For more advanced play, you could do a "fancy switch", which would entail every other person switching which line they are in with their partner and then the whole line moving over. This would ensure that you have gotten to know at least one thing about every person in the room.

Sample questions could include "What do you do for work?", "How many children do you have?" or "If you could travel anywhere and money was no object, where would you go?" for adults.

For children, it could be: "What school do you go to?"
  • "What grade are you in?"
  • "What's your favorite subject in school?"
  • "What's your favorite toy or hobby?"
  • "If you could do anything you wanted when you grew up, what would you like to do?"
  • You could also mix it up and do a "Speed Date Dare", like having to give your answer while hopping on one foot or having to make up a secret handshake with your partner. The possibilities are endless.

    It's an easy game that's sure to be a hit at your next icebreaker get-together. Happy "Speed Dating"!

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    Alphabet Madness

    by The Bicyclist (Juanita Mosk)
    (Tallahassee, Florida, USA )

    (Photo from Filter Forge)

    This is a game that can be played anywhere, with anything from two to around a dozen people. I’ve played this game with my daughter on long trips, in restaurants with friends, in people’s homes – literally this is a good game to play anywhere.

    All it takes is a good imagination. As the title suggests, it focuses on the alphabet, but goes way beyond most alphabet games. It started out as the road trip game everyone plays, trying to find all the letters in the alphabet, in order, on signs and license plates while traveling on the road.

    However, there are just not enough signs, and it gets boring rather rapidly. So we expanded on it. The first thing you have to do is come up with a category. Some of the best categories we have come up with are:
    • Worst gifts to give a man

    • Worst form of transportation to show up in for a first date

    • Musical instruments

    • Things that are green

    • Things you never want to hear

    • Things you never want to eat

    • Names of rivers (worldwide)

    • Things you would never wear

    • Tongue twisters (you have to make this one up!)

    Things you could use a paperclip for hopefully you get the idea from this wide range of idea – use your imagination!

    Once the category is agreed upon, then everyone pitches in with ideas as each letter comes up. The hope is that you will come up with something for every letter in the alphabet, in order. You don’t need to take turns, you don’t need to keep score, nor write anything down.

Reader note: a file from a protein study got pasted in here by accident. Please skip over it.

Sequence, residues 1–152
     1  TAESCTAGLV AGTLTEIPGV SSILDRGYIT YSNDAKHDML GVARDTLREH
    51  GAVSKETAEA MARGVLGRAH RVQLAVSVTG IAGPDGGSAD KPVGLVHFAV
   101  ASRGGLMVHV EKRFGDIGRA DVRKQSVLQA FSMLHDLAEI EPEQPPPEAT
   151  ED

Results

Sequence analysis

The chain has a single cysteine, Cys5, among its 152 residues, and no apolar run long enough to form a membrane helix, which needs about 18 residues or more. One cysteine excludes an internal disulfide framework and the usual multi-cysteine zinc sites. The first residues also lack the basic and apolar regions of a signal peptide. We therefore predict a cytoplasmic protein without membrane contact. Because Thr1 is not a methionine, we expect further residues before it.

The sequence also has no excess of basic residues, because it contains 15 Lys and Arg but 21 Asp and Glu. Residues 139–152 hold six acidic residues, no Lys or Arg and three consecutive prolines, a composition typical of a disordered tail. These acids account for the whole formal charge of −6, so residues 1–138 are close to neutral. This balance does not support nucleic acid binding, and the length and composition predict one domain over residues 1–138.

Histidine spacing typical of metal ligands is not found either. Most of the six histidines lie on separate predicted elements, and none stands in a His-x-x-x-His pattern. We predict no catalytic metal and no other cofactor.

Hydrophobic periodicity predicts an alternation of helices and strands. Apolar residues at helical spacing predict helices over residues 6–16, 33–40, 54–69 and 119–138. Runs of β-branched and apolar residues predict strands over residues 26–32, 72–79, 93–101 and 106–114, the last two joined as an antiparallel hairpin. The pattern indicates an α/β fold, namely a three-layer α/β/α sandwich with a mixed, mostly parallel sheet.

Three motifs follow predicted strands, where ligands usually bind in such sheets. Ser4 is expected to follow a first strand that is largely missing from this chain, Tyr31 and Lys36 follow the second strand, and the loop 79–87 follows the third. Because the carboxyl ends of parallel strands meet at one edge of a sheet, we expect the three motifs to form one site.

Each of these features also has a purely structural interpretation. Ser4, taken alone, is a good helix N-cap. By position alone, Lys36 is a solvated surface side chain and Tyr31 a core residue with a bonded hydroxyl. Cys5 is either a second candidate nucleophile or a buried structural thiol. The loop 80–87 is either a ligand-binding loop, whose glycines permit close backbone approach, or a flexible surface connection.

This takes no resources except for an imagination. The crazier the idea, the crazier the category, the more fun everyone has with the game. As an ice-breaker, it will quickly become obvious who the most creative people are, and it can open up a wide range of emotions and topics rapidly.

    This is a game I have played hundreds of times, and it still hasn’t gotten old! It is also great for keeping a participating driver awake on long drives.

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    Totally Wacky Sports

    What's Your Favorite Sports?

    What's Your Favorite Sports?

    (Photo from Rama V)

    My idea for a new icebreaker game is "Totally Wacky Sports!" In this, each participant first must think of their favorite sport, whether or not they have a favorite team or player.

    Perhaps the sport of which they are thinking is not a professional sport like football or hockey but is nonetheless a valid sport like water polo and handball. Any organized sport suffices!

    Now, in the game, once each participant is thinking of their favorite sport, everyone is selected in randomized order to stand up and act out one and only one common activity within the favorite sport that participant has selected.

    It could be anything from swimming a breaststroke (swimming, obvious) to wiggling one's hand up and down (yo-yo, subtle) to leaping up and down with the ball (basketball, ambiguous).

    However, and this is crucial, the participant must act out the activity in a highly exaggerated and goofy manner, not merely repeating the mechanical strokes but wildly injecting vigor and kinetic energy into their motions.

    The goal is not merely to properly act out the motion but also - and critically - to draw a large roar of laughter from the observing crowd. Beyond just having fun oneself, the participant should be encouraging a sense of mirthful connectivity with the crowd by performing exceedingly wildly and without restraint.

    Afterward, each participant shall be awarded a score of "Totally Wacky," "Pretty Wacky," or "Wacky." There are no negative rankings.

    Those who score enough "Totally Wacky" rankings from the crowd at large could then participate in a final event wherein each participating individual attempts to act out a predetermined sport action in an outrageously zany fashion.

    The winner of this second round is the winner of "Totally Wacky Sports!" Prizes may be awarded at the discretion of the hosts; otherwise, the game is merely for fun and everyone's general amusement.

    Beverage refreshments of the non-alcoholic variety might be advisable to serve immediately before or following this game in order to restore anyone's scratched vocal boxes. This game should be credited to Wyandotte, Michigan, USA.